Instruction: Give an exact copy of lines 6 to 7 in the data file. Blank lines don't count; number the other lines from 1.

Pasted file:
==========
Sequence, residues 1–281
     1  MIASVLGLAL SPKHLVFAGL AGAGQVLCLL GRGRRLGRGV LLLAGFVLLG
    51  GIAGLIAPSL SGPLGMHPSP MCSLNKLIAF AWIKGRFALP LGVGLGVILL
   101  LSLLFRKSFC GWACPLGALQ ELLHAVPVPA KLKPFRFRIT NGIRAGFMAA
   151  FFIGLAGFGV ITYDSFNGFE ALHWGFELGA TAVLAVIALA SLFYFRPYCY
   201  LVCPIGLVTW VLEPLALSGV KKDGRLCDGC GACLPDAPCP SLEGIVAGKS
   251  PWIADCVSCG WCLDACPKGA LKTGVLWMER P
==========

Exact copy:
   201  LVCPIGLVTW VLEPLALSGV KKDGRLCDGC GACLPDAPCP SLEGIVAGKS
   251  PWIADCVSCG WCLDACPKGA LKTGVLWMER P